What is known about overlapping or cross-titration of psychiatric medications?

When changing to a different medication, sometimes one medication can be stopped and the other then started without overlap. However, with some medications, there needs to be overlap (cross-titration). This can be necessary because some medications need to be titrated (cannot be stopped or started all at once), or because there is concern that the medication started may take time to be effective or turn out not to be as effective as the medication it is replacing. There are not general guidelines about how fast cross-titrations should occur. For some medications (e.g., lamotrigine or clozapine), there is specific information about how fast down-titration or up-titration should occur to avoid serious side effects or relapse. For others (e.g., carbamazepine), up-titration should usually occur slowly to avoid side effects. For medications with anticonvulsant properties, sudden changes in medication level can cause a seizure in susceptible individuals.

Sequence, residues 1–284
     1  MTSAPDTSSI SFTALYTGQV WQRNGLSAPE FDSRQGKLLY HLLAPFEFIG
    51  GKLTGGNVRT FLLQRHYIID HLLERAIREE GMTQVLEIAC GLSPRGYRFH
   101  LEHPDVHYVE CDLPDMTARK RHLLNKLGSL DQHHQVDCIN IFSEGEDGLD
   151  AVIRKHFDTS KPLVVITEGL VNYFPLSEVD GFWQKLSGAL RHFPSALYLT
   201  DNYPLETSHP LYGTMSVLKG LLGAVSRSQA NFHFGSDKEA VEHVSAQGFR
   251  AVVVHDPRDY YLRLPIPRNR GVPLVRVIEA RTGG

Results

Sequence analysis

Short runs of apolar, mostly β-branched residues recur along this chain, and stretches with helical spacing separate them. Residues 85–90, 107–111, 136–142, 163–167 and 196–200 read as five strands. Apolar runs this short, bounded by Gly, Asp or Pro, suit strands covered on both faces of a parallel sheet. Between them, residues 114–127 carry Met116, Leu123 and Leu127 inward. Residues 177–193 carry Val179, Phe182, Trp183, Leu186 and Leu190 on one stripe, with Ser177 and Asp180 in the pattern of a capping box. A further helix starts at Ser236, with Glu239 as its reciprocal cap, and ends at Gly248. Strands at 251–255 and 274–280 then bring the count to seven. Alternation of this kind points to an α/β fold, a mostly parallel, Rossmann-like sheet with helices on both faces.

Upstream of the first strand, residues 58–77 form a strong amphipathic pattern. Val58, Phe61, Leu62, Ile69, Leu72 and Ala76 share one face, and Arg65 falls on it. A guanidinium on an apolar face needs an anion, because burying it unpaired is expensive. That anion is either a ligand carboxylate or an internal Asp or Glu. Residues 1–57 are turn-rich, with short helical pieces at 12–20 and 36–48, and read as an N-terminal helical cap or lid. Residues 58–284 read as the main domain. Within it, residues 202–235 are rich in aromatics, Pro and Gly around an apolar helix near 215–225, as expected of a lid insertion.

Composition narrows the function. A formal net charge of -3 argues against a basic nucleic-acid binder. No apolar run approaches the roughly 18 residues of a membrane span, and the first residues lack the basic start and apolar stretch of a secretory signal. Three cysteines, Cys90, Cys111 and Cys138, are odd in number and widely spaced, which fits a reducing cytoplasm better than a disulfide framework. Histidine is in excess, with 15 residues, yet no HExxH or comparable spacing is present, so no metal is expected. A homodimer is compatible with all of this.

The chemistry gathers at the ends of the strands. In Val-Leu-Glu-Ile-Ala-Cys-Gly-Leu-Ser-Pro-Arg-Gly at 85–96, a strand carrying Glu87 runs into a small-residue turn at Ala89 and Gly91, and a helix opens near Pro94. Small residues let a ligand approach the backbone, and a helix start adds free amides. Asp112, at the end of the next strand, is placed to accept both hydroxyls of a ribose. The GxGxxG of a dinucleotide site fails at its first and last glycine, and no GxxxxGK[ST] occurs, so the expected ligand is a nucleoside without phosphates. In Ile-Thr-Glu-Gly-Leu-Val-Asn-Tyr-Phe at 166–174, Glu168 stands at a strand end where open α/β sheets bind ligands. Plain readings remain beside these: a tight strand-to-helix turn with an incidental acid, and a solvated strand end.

Overlap for Long Acting Injectables (LAIs) is different and information can be found at the SMI Adviser Center of Excellence on LAIs. Psychiatric medications can take weeks to months to demonstrate full effectiveness, or for lack of effectiveness to become apparent. Therefore, the speed to which a medication is down-titrated during a medication cross-over depends on the likely effectiveness of the medication being started, what the risk would be should the replacement medication not be fully effective (patient relapse), what side-effects could occur from the additive effect of medications, and how quickly symptoms or side-effects can be detected and managed.

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